Adventism identifies itself as a “new religion” that will be more acceptable in the cities than in the rural areas. The Adventist church is 153 years old, while Christianity is 2,000 years old. Which would you choose, October 22nd, 1844, and Ellen White, and the cleansing of the heavenly sanctuary, or a church that teaches salvation through faith alone, by grace alone, in Christ alone, based on the Scriptures alone (no Spirit of Prophecy/Ellen White)?
Monday, Sep. 12th, A Hurting Place
The lesson author makes an implication that the Seventh-day Adventist Church supplies meals all year, every day to those in need. While this may be the ideal, it is not the norm in Adventist churches.
There is a difference in the minds of a community between a church that delivers food to families once a year during a holiday and one like a particular Adventist church plant in a large city.
What does this church do? It meets in a community center that operates on a daily basis. People can go there any morning and get a hot breakfast! (Pg. 98 of Standard Edition)
The Adventist church is attempting to turn all of its local churches into “health centers” where the churches vegetarianism and emphasis on health can be presented to the community in which it exists.
Protestant churches in large cities meet the needs of individuals by joining forces and dividing the work between them. The people in need can still get a breakfast, a soup for lunch, a dinner, and a place to stay if necessary. But the burden is not placed on one church, but shared by all Christian churches in a given area.
Tuesday, Sep. 13th, Sowing and Reaping in Cities
Wednesday, Sep. 14th, Make It Personal
The lesson author suggests the following as something that must be done before an evangelistic campaign can be conducted.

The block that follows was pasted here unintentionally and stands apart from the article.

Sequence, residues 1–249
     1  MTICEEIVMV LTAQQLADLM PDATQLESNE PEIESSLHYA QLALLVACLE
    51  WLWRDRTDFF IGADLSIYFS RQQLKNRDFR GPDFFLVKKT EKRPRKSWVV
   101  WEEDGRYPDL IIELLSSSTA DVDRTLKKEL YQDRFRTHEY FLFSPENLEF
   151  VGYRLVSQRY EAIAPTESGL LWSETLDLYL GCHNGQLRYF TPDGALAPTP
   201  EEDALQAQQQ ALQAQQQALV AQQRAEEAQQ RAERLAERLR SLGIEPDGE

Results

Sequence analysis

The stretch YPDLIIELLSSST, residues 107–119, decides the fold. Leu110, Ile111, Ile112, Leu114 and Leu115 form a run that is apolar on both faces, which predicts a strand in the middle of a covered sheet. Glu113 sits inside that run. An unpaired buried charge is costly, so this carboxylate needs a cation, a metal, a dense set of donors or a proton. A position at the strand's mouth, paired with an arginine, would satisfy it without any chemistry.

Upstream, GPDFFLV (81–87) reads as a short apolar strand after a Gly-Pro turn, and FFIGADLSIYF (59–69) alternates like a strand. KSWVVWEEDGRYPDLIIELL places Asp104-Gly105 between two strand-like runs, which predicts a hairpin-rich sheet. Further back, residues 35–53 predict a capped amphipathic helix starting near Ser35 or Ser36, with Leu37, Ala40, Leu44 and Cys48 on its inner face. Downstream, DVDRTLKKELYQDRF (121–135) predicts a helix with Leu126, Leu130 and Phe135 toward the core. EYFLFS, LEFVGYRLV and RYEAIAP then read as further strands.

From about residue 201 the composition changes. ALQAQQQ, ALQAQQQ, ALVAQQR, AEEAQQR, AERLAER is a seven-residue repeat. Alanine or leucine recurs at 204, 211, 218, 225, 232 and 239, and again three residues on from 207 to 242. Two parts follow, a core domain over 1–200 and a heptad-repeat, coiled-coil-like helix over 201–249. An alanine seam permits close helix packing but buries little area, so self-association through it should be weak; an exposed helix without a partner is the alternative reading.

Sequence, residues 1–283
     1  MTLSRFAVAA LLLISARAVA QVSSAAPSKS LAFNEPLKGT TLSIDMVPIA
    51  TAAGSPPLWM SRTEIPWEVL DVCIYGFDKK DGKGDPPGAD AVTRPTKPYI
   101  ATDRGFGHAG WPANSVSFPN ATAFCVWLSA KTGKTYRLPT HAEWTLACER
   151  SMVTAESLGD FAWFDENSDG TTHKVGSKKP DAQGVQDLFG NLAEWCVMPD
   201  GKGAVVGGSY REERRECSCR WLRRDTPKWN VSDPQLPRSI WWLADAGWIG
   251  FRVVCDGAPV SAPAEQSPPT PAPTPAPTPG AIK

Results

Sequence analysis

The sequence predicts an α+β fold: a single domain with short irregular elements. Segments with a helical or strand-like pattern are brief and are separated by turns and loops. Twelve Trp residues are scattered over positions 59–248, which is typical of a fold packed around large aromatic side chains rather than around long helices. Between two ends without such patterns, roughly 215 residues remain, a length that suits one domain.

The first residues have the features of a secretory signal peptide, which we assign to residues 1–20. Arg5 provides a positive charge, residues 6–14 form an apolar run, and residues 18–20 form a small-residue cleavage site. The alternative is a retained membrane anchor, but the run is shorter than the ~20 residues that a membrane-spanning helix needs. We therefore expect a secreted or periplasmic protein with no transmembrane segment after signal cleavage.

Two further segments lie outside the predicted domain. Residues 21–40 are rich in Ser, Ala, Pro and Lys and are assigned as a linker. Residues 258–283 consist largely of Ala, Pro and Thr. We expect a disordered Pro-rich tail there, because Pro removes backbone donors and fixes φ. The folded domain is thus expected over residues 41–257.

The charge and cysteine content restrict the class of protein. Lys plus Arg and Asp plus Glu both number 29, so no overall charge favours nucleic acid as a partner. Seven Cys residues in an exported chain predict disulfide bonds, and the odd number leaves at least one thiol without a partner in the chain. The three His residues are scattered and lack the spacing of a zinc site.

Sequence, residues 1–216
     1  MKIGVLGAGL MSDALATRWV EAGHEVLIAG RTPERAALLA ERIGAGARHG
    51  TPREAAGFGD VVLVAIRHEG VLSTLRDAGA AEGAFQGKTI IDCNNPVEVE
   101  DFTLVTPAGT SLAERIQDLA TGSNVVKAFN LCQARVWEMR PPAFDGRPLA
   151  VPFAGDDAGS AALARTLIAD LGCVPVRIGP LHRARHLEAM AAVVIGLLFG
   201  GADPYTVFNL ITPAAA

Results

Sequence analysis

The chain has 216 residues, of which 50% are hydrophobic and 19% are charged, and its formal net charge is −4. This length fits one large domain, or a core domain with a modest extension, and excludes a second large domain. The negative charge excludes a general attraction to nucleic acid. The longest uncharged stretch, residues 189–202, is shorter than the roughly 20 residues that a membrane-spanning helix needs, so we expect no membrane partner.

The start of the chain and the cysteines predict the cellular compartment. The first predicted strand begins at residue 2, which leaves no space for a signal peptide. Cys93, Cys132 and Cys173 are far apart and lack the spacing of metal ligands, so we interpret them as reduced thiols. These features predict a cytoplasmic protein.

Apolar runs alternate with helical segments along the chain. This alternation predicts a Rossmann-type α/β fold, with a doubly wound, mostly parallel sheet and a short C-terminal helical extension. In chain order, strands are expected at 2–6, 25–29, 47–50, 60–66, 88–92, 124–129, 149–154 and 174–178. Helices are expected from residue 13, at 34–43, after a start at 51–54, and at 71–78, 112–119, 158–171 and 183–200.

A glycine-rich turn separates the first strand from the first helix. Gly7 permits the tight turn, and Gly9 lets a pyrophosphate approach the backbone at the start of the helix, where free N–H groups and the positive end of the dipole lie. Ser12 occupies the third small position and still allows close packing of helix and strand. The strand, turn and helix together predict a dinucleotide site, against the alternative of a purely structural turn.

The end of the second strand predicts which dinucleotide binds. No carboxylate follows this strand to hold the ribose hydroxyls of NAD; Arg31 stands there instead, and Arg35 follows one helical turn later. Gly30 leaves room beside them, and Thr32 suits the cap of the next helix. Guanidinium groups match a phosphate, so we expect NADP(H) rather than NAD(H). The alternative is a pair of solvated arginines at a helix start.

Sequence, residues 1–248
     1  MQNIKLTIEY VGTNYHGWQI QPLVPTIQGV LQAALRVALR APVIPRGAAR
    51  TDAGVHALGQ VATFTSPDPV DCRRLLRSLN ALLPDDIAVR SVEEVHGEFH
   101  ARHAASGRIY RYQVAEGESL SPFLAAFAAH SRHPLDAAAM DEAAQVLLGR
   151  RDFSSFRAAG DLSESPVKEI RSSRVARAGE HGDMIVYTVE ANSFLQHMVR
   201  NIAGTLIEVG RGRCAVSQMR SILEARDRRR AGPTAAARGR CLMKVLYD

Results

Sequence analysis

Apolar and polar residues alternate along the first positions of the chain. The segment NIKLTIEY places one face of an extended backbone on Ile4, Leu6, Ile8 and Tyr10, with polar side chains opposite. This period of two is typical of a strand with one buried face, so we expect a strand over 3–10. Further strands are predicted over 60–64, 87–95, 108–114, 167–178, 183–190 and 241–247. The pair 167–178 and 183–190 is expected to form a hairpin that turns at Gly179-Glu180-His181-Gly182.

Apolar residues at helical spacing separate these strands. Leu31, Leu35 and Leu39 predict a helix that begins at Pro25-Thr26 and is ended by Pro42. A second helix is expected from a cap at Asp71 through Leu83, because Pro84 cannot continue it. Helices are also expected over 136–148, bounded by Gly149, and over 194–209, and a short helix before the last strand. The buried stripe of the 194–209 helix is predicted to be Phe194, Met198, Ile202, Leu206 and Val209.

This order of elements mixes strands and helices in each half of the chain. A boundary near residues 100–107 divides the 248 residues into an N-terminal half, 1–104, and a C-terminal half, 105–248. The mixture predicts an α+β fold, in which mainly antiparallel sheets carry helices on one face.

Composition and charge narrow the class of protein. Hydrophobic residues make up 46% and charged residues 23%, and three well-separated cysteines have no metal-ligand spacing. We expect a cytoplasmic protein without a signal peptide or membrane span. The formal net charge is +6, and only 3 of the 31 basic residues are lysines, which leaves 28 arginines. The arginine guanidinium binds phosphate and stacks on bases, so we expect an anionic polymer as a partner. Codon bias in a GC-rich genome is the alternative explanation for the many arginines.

Different soil conditions produce different kinds of results, suggesting the need to study the soil conditions before investing in evangelism activities. If, after studying the community “soil,” your church discovers that it has limited “good ground” in its territory, you must plan to improve that soil by softening the hard pathways, removing the rocks, and pulling up the thorns. That is, for evangelism to be successful, the church must work ahead of time, preparing the soil. This can make a great deal of difference in how effective an evangelistic campaign can be.
In Scripture, Christians are never told to do the work of the Holy Spirit. It is the Holy Spirit who prepares hearts to receive the message of salvation in Christ. Many will reject the message, but some will accept Christ as their Lord and Savior because of what the Holy Spirit is doing in the hearts of the hearers.
In this parable, the soils that Jesus introduces are simply facts about the different types of people that will respond to the gospel and what their response will consist of.